Man and things. – Why does man not see things? He is himself standing in the way: he conceals things. (Nietzsche, Daybreak, §438)
When exploring how the brain was “made” visible, what techniques were used and how these were justified, one quickly finds oneself wondering about another question: For whom where those images made?
The blog post on Marey and Comandon shows that film was by no means an uncontested method; in fact, it was highly controversial from the very beginning. Whereas one might start thinking that film made the process of data collection easier, by making recordable images that could be stored, reproduced, and distributed, for many scientists the issue was far more complex. The narrative and aesthetic aspects of film triggered a lot of discussion about the use of film, in particular about the validity of its use and the data it produced.
For example, medical doctor and historian with a specialisation in the neurosciences Geneviève Aubert (Université de Louvain, Belgium) locates the “birth” of cinema and cinematography in 1985, when the Lumière brothers held a first public viewing in Paris (Aubert 2002). Yet, this does not solve our question with regard to film as scientific method. Would Marey and Comandon accept 1895 as “birth” of cinema? Would Goldstein? How does film as “public” cinema relate to film as scientific practice?
When one wishes to analyse the birth of a certain “gaze”, one theorist is unavoidable. I am referring to French historian of ideas Michel Foucault (1926-1984), whose influential works have focussed on the history of ideas and the human sciences. Foucault’s work addresses a large variety of issues; a few famous books have focussed on the “birth” of madness, the medical sciences and sexuality.
In The Birth of the Clinic (La Naissance de la Clinique), which was published in French in 1963 and translated into English a decade later, Foucault focusses on the birth of the medical “gaze”. (The translation is complicated and contested, as the French “regard” could be both translated as “perception” as well as “gaze”. The 1973 translation works with “gaze”. Now, whereas a case could be made to dispute this translation, this blog does not seem to be the most appropriate context to do so, therefore I will refer to “gaze” too.)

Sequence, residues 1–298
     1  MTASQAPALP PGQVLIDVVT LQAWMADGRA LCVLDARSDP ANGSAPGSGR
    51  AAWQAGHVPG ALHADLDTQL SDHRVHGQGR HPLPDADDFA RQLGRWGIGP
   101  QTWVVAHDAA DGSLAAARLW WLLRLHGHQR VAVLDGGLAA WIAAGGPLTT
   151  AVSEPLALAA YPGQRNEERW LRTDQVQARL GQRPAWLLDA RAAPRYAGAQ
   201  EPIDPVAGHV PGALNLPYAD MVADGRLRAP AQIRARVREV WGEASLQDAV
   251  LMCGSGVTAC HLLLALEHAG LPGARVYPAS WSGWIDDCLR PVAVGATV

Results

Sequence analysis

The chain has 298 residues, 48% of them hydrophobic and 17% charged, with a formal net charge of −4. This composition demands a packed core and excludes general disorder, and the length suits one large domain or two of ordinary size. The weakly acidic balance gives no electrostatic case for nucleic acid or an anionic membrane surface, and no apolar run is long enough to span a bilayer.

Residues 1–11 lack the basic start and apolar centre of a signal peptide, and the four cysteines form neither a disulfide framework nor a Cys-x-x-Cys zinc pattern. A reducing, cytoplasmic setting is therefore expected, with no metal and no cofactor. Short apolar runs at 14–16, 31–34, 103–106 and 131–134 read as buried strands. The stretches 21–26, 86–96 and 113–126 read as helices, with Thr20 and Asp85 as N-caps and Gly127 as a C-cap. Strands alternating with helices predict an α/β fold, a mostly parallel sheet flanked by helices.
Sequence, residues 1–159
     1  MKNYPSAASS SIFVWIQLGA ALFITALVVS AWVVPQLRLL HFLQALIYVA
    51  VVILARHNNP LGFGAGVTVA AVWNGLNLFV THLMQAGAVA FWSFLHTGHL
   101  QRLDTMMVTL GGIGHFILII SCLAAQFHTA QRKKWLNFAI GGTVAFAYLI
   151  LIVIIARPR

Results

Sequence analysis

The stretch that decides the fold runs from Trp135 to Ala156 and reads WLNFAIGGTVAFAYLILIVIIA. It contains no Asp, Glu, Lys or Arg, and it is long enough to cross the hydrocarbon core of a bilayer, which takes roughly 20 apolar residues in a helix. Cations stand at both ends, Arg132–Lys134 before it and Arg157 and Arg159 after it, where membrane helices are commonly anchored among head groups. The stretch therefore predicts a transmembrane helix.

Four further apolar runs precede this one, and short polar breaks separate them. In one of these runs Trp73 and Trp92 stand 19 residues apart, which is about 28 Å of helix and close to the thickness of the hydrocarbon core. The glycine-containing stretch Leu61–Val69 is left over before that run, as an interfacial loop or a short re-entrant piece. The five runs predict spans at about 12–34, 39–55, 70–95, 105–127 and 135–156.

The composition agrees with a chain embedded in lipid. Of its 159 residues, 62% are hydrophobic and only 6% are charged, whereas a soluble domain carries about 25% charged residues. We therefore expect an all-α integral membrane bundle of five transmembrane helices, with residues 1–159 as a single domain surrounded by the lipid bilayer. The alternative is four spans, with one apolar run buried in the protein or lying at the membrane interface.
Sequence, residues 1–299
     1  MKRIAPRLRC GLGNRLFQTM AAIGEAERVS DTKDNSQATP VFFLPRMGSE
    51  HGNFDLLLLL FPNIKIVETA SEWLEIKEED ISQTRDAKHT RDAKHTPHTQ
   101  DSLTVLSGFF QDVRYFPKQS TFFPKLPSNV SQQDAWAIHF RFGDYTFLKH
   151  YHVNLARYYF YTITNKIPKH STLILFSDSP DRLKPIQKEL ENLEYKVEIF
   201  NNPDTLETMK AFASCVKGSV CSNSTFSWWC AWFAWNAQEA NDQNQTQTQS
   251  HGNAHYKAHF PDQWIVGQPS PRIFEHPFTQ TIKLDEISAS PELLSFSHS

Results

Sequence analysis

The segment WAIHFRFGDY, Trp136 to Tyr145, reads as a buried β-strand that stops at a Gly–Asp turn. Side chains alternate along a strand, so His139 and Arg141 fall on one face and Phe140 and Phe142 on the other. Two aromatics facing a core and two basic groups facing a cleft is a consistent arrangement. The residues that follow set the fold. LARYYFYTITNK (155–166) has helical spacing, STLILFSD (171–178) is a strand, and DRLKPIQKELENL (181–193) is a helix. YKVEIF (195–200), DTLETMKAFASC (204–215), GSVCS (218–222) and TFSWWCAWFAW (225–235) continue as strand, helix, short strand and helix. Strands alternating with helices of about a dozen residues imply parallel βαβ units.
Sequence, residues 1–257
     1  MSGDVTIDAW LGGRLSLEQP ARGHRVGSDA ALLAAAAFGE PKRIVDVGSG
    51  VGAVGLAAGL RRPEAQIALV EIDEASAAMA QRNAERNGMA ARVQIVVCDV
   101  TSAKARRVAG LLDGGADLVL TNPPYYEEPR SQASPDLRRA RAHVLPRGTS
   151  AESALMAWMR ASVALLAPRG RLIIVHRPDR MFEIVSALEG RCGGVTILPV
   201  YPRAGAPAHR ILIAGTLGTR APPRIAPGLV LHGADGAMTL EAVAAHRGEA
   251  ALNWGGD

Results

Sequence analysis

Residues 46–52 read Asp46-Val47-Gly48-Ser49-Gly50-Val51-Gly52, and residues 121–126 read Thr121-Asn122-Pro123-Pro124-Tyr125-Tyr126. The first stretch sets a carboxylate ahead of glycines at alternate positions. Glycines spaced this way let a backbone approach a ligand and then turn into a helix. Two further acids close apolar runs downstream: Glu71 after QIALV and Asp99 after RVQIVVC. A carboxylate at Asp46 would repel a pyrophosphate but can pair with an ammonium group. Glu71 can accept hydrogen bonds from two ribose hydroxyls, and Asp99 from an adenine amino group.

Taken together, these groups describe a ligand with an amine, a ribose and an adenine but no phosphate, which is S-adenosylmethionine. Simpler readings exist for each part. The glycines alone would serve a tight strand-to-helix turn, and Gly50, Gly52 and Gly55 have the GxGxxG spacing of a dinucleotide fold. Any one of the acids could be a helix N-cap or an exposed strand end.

In chapter seven, titled “Seeing and Knowing” (Voir, savoir), Foucault describes how perception became the most important assessment tool in medicine. This “perception” which is simultaneous to the birth of the medical “gaze”, which comprises both the act of seeing as well as the body of knowledge this practice consists of are traced back to the Hippocrates, the father of modern medicine. Yet, how medical perception was exercised in the early days of modern medicine (the 18th century), differed very much from how Hippocrates had conceptualised it. Whereas Hippocrates had indeed named observation as the most important technique, how it was reframed in the early eighteenth century clinic attached even more importance. Perception in modern medicine has far more advantages of a different nature:
They [the advantages] were at the same time the privileges of a pure gaze, prior to all intervention and faithful to the immediate, which it took up without modifying it, and those of a gaze equipped with a whole logical armature, which exorcised from the outset the naïvety of an unprepared empiricism. We must now describe the concrete exercise of such a perception. The observing gaze refrains from intervening: it is silent and gestureless. Observation leaves things as they are; there is nothing hidden to it in what is given. (107)
Ce sont à la fois les privilèges d’un regard pur, antérieur à toute intervention, fidèle à l’immédiat qu’il reprend sans le modifier, qui exorcise d’entrée de jeu la naïveté d’un empirisme non préparé. […] Le regard qui observe se garde d’intervenir : il est muet et sans geste. L’observation laisse en place ; il n’y a rien pour elle de caché dans ce qui se donne. (153)
Medical perception and its exercise require an expert gaze, a trained eye; in fact, the clinician’s perception is so skilled it does not have to intervene or rely on questioning (“there is nothing hidden to it in what is given”). Foucault’s emphasis on the fact that this perception is silent and without gesture are important aspects of expert perception and its practice. The clinician’s expertise is expressed through a particular practice. This expertise is reinforced by the absence of discourse.
How the silent observer has marked our ideas of – reliable – expertise, both in a laboratorian setting as well as in the consultation room, is an interesting notion. How does the practice of expertise relate to other ways of behaving, talking, moving around? What does an expert have to do in order to establish the patient’s confidence? Conversely, this analysis opens up an interesting line of inquiry with regard to the practice of expertise and turning it into a highly respected and imported practice of medicine, neurology, and the contemporary neurosciences.
2002 Arthur van Gehuchten takes neurology to the movies. Neurology, Volume 59 (10) 1612-1618
1963 La naissance de la Clinique. Paris : PUF (Quadrige).
1976 The Birth of the Clinic. Trans. A. M. Sheridan. London: Tavistock.
1997  Daybreak. Thoughts on the Prejudices of Morality. Trans. R. J. Hollingdale. Cambridge/New York/Melbourne/Cape Town: Cambridge University Press.